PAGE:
“I think as TV and film sequences are having a bit of a renaissance, the presence of the device elevates the piece as a whole. It’s a badge of honour, really”, he tells me. “It’s about setting a mood, telling a story and getting the audience into the moment.”
Credit where credit’s due
Naughty Dog is not the only one to be embellishing its games with great credit sequences, either, as recent years have bore witness to a proliferation of the structural device across a diversity of titles and genres, from the unique episodic openings of Tales from the Borderlands to the slick sizzle reel-esque credits of Deus Ex: Mankind Divided.
But what distinguishes a video game title sequence compared to, say, those found in film or television? If anyone should know, it’s Will Perkins, Senior Editor at ; an online publication which dives deep into the design of title sequences found across the spectrum of popular entertainment (you can check out their ).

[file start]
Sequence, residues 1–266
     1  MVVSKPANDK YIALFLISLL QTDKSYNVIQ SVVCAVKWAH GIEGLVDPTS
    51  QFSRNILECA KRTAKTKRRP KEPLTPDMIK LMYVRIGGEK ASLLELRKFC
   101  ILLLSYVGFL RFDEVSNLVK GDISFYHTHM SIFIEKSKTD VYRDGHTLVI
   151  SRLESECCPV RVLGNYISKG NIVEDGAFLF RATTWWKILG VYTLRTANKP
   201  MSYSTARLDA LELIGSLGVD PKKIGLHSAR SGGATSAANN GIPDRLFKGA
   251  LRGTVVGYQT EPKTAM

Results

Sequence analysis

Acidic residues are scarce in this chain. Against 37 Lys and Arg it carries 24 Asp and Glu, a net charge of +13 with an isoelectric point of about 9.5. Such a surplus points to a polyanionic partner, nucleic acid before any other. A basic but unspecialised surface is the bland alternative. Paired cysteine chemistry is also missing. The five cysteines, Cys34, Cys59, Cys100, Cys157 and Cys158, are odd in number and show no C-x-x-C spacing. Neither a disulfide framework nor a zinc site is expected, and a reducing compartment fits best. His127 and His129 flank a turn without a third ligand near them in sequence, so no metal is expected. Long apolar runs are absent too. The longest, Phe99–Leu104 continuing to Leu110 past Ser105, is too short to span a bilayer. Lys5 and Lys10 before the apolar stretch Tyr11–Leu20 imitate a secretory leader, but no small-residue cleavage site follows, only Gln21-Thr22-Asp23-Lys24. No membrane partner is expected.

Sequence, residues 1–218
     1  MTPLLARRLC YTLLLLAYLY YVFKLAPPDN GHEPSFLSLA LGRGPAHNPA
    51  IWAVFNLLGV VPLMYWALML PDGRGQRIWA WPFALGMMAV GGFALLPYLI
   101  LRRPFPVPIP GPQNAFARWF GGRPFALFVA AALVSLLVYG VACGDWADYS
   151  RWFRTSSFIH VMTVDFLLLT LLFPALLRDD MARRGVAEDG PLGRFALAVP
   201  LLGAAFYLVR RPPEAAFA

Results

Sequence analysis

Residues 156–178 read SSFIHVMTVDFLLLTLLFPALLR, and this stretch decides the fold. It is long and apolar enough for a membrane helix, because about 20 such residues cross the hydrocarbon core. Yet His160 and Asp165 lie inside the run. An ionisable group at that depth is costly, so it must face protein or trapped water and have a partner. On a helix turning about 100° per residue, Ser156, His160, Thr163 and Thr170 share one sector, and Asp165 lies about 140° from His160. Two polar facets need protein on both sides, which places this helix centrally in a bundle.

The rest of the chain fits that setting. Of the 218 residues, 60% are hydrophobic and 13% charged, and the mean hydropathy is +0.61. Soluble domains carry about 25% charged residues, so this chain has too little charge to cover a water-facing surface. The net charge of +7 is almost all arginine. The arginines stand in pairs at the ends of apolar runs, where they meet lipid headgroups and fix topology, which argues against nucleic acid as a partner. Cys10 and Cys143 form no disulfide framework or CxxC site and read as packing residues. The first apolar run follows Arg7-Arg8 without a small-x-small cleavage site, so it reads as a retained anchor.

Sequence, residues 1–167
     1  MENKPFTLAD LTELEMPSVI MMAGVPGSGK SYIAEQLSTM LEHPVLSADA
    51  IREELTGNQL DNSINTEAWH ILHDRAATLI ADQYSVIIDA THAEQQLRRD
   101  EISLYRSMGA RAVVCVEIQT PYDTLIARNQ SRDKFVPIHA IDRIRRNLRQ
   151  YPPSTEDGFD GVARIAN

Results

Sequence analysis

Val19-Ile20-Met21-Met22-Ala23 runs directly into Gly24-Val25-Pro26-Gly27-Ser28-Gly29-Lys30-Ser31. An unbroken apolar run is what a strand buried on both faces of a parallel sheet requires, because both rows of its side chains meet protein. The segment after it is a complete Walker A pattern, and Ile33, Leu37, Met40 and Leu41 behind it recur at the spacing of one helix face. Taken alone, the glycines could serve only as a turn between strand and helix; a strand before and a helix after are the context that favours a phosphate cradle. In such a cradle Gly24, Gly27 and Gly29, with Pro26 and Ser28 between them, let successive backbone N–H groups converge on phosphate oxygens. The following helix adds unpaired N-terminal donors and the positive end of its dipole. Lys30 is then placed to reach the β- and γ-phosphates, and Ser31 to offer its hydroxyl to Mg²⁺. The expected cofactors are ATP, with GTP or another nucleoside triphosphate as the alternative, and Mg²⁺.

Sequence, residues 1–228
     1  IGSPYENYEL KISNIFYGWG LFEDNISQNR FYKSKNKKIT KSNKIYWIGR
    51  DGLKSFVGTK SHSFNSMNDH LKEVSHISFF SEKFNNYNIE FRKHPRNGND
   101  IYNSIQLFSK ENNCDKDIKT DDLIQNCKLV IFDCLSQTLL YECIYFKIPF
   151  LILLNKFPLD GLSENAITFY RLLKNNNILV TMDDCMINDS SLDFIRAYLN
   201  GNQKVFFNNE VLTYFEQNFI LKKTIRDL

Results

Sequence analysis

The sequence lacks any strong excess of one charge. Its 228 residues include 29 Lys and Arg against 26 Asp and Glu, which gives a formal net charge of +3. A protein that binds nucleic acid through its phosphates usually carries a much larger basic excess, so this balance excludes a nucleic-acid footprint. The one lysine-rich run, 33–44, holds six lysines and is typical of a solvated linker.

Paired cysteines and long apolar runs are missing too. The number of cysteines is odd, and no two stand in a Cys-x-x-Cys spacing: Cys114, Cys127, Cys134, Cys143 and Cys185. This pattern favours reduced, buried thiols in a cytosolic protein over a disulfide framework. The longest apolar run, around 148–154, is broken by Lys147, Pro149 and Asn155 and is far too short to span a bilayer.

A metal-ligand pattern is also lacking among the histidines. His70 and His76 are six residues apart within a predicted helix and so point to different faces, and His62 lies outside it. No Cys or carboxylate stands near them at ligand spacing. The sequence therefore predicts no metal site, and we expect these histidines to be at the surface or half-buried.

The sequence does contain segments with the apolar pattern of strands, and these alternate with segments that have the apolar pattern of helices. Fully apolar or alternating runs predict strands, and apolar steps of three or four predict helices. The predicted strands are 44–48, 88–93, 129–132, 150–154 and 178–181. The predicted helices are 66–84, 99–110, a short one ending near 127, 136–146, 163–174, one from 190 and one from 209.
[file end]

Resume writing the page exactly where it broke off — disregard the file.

“What makes video game title sequences so interesting is the fact that they don’t technically need to have them,” says Perkins, “That is to say, they’re usually not a legal requirement. In the film and TV industry, crediting the cast and crew on screen and up front is often a contractual obligation. With a few specific exceptions (Sid Meier, Will Wright, etc.), similar rules about credits just don’t exist broadly in the games industry. So when a game does have a title sequence, it’s hopefully there because the creators think it’s adding to the proceedings in some meaningful way beyond simply crediting the people involved.”